CAP Reform - Just how basic is the New Payment Scheme?
"Whilst it was inevitable that payments would reduce; linking them more to greening demonstrates a more concerted attempt to justify decoupled payments."
So where are we?
The final EU regulations for the reform have been presented to DEFRA and other European member national agricultural ministries. These have been approved and so we are hopeful that detailed guidance will be released in the near future. Thus, although the final details of exactly how the Basic Payment Scheme (BPS) will be claimed requires clarification, the essential details are now known.
So how much will the payment be?
It will come as no surprise that the budget for the new BPS, replacing the Single Payment Scheme, will be reduced. With modulation fixed at 12% and EU budgets not cut by as much as was feared during the height of the Euro Zone problems the BPS will not be lighter than first thought. Payment levels are yet to be confirmed and will be dependant on the Euro/Sterling exchange rate, but early indications are they will be in the region of £150 - £170/ha.
Due to England having already adopted a largely decoupled system in the SPS, for once England is in a relatively enviable position and so the existing Entitlements will simply be rolled over into 2015. They can (subject to the necessary IT systems being online and functional) be traded after 1st January 2015. A two year usage rule will apply - i.e. any entitlements not activated for two years will be absorbed by the national reserve.
Direct payments and greening
The major change from the SPS is the additional ‘greening‘ requirement and this is certainly getting most of the headlines. However, it should be noted that the ‘first’ 70% of the BPS, known as the Direct Payment, just requires existing cross compliance targets to be met. In order to obtain the additional 30% ‘greening’ management prescriptions will need to be adopted. These are split into two:-
Greening – crop diversification
The ‘greening’ element can then be claimed if three additional requirements for cross compliance are met. The most controversial of these is 'crop diversification'. On holdings with arable areas of 10 – 30ha then at least two crops must be grown, with the main crop not exceeding 75% of this area. If the arable area exceeds 30ha then three crops must be grown, again the main crop cannot exceed 75% but also the smallest crop must be planted on more than 5% of the arable area. This should not pose a problem to large arable farmers whose traditional rotations likely already satisfy these requirements. However, for smaller arable farms which are often block cropped by contractors, this could be an issue and it is difficult to see, at this stage, how the reduced efficiencies of enforced ‘crop diversification’ can be of any benefit to the environment or food security.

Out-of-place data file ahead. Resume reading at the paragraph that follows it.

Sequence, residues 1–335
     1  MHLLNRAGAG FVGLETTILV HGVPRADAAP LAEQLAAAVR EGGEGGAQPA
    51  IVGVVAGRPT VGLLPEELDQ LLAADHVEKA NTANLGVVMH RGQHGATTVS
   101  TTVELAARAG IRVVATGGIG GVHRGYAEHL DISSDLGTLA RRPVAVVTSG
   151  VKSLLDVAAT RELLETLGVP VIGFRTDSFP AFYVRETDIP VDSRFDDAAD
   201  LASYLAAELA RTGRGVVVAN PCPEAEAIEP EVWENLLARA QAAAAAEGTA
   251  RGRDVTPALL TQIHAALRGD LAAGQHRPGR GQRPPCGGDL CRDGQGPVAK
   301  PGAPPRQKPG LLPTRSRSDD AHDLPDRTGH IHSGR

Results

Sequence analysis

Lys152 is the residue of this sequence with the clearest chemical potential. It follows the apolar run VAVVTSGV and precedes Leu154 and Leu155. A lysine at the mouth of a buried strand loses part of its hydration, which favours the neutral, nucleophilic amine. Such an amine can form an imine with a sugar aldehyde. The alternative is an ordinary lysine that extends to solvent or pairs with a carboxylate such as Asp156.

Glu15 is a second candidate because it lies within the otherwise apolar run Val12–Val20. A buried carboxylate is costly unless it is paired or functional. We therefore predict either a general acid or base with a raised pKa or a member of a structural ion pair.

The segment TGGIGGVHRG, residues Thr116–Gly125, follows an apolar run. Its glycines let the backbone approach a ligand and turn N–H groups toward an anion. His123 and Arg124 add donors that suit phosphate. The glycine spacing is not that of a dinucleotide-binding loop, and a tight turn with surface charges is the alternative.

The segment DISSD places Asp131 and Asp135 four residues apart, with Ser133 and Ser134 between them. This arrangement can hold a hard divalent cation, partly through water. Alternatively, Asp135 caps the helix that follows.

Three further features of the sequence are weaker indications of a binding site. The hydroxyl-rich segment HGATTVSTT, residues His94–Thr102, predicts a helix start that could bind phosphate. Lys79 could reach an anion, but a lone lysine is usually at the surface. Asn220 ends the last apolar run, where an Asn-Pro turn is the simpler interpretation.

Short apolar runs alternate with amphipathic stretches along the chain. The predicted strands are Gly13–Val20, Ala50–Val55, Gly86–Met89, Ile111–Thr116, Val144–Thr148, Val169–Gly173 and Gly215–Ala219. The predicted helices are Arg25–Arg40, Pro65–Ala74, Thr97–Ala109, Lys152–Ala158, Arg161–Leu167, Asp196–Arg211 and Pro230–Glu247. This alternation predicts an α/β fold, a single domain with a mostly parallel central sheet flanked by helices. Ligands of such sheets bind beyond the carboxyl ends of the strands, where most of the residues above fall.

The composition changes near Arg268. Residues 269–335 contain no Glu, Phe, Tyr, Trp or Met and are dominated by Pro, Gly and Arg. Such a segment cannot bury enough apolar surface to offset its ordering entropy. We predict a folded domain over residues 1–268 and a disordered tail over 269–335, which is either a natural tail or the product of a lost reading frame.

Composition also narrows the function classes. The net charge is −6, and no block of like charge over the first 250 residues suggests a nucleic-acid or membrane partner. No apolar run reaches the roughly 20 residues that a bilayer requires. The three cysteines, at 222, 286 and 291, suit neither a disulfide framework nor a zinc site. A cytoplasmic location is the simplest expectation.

Greening – Ecological Focus Areas (EFAs) and permanent grassland
Ecological Focus Areas must be located on 5% of the arable land on any holding. These bear some similarities with the outgoing Entry Level Stewardship Scheme with qualifying features including buffer strips, fallow areas, hedges, nitrogen fixing crops, in field trees, ditches etc. It has not yet been made clear if these can be claimed on features already entered into existing ELS schemes, but it must be assumed that they will not, as this would effectively be double funding. Finally, at a national level, permanent grassland levels must not be reduced.
Active farmers and capping
In order to be an ‘active farmer’ there is a minimum activity list which includes growing crops or rearing animals and keeping land in condition to support grazing/cultivation. There is also a ‘negative list’, whereby the applicant will not be considered an 'active farmer' if their principal activity is not farming. This includes water works, airports, railway service, sports or recreation grounds or businesses providing real estate services. Furthermore, direct payments must constitute more than 5% of total receipts from non-agricultural income. Capping has remained, however, it has been rebranded as ‘degressivity’ and is not as punitive as first thought. Degressivity applies a 5% reduction (rather than cap) to claims over €150,000 and only applies to the initial 70% direct payment and not to any payments claimed through greening. There has also been a minimum claim size of 5ha introduced, anyone claiming on an area smaller than this will have their claim rejected.
There is a 25% top up payment on the first 90ha of any claim if the person making the claim, and in overall control of the farming business, is below the age of 40. This top up can be claimed for up to 5 years, or until the applicant reaches the age of 40 – whichever is sooner.
The BPS is more of an evolution of the outgoing SPS than a complete change. Whilst it was inevitable that payments would reduce; linking them more to greening demonstrates a more concerted attempt to justify decoupled payments. Whilst satisfying crop diversification and EFAs will inevitably cause some problems for farmers in specific circumstances the changes will (subject to IT systems being successfully implemented!) hopefully be reasonably pain free in comparison to previous rounds of CAP reform. The biggest losers will be farmers on very small areas (sub 5ha) and farmers who use contractors to block crop their holding.